Knowledge Expansion

Managing financial risk through patient risk scoring

Insight Article

Coding & Documentation

Business Intelligence

MGMA Staff Members
The emergence of value-based payment models has shifted financial risk from payer to provider. Effective risk management requires data-driven decision-making, putting the onus on healthcare providers to apply business intelligence to view expected costs of a patient or population through the lens of a payer.

That requires a keen focus on how your medical practice is handling Hierarchical Condition Categories (HCC) coding and patient risk scoring, according to Brian Smith, PhD, MBA, CSSBB, principal, Galvanic Health LLC. Getting to that point means building a mindset change for some physicians.

“Something I've encountered routinely and working with physicians across all specialties is that they all have complicated patients,” Smith noted. “Everybody says, ‘Of course, I'm coding all level 5s — because my patients are extremely complicated,’ and I think what they need to understand is, through the lens of the payer, complexity is based on what is reflected in the claim.”

In other words, it doesn’t matter how much free-text documentation is in the chart — if it isn’t on the claim form, payers not see the same complexity, much less the justification for the costs associated with the claim submission.

Smith will co-present alongside Adrienne Hollander, MD, managing partner, Arthritis, Rheumatic & Back Disease Associates, during MGMA20 | The Financial Conference in Nashville, Tenn., on implementing tools at the practice level to, as Smith says, “get the full economic value for that work performed as payments move from fee-for-service to value based.”

Hollander said that operationalizing that concept requires a fair amount of educating and socializing doctors to the idea so that it becomes a habit for documenting in records and in their fee slips.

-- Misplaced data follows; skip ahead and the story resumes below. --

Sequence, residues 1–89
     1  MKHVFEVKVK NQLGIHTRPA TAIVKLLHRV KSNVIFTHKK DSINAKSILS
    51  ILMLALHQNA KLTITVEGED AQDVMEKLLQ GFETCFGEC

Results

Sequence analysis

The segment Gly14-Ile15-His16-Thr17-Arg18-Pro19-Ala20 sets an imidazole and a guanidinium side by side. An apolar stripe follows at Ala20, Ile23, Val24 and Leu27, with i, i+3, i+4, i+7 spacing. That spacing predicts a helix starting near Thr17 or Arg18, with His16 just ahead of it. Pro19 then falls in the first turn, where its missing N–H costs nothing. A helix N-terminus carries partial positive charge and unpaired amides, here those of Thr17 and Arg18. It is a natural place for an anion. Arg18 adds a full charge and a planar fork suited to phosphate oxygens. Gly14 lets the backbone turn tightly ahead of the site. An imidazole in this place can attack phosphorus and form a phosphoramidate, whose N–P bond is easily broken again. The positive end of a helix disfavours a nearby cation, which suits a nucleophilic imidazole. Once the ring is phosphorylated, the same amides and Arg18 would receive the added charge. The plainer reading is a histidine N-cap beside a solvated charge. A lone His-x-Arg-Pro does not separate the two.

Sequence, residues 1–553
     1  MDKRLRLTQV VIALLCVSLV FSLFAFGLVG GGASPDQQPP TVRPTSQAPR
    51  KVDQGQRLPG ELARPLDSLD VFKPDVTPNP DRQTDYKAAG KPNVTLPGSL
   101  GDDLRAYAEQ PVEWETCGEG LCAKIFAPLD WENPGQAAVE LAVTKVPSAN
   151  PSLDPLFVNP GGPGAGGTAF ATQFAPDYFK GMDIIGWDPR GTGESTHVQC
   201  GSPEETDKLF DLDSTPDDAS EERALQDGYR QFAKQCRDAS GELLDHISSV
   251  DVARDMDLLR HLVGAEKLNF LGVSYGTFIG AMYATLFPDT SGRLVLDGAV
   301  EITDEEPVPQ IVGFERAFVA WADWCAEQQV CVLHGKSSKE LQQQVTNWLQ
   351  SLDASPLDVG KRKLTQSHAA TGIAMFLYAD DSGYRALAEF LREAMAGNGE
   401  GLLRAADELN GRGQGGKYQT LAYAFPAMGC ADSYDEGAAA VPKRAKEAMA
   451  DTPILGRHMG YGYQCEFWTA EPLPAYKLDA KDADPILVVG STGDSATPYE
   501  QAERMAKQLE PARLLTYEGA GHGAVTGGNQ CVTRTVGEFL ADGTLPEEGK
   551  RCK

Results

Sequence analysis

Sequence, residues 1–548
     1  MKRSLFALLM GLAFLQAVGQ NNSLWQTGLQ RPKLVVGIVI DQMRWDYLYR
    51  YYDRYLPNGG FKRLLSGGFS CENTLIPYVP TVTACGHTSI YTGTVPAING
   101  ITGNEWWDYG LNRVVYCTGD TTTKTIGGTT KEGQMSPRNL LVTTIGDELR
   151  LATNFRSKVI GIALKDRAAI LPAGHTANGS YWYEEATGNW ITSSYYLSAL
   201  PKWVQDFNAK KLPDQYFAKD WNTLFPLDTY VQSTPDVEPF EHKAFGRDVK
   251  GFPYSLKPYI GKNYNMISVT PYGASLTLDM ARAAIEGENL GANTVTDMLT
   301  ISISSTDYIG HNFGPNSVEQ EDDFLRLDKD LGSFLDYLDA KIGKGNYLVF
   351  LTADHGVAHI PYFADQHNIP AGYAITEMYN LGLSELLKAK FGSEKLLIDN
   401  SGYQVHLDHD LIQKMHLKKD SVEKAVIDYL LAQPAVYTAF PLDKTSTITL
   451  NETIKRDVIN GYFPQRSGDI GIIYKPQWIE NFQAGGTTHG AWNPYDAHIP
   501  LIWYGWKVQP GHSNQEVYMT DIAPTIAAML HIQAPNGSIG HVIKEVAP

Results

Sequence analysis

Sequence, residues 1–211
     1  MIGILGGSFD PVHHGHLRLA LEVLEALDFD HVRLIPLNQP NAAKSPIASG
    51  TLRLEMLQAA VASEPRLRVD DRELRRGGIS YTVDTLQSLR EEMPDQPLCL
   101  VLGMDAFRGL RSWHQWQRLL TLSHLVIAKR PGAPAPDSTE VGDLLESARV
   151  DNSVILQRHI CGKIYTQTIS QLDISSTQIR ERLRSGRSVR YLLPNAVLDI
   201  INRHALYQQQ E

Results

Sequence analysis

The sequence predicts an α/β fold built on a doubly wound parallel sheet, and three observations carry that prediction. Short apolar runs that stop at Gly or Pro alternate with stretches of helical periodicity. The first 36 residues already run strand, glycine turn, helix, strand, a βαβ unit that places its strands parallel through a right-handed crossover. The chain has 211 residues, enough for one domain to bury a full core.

In a similar vein as reviewing MIPS requirements, Hollander said her practice has been proactive in reviewing information on risk scoring by customizing charts to make them easier for doctors to use them.

There’s also a key role to be played in boosting clinical decision support for succeeding with HCC coding, Smith said, which can be difficult for practices of any size: Smaller practices may not have the support teams to embrace risk scoring right away, whereas larger multispecialty groups might struggle with catering to the individual needs of all the providers.

Smith cautioned that it can be tricky to connect the clinical and financial pieces on this issue because you risk losing a patient focus, but “that’s exactly what has to happen in order for these practices to succeed under value-based models.”
 
In Hollander’s view, it’s important to have the same information on patient risk scoring as the payers as the practice starts doing negotiations for value-based payment models and shared savings models. “We know what we see the patients for, but if we're not documenting that they have atrial fibrillation or these other things, then we won’t be able to have that same discussion with [payers],” she said. “We really want to have a better idea of what the cost the patients are having to the system are so we can have a better idea of cost attribution” to the practice under new models.

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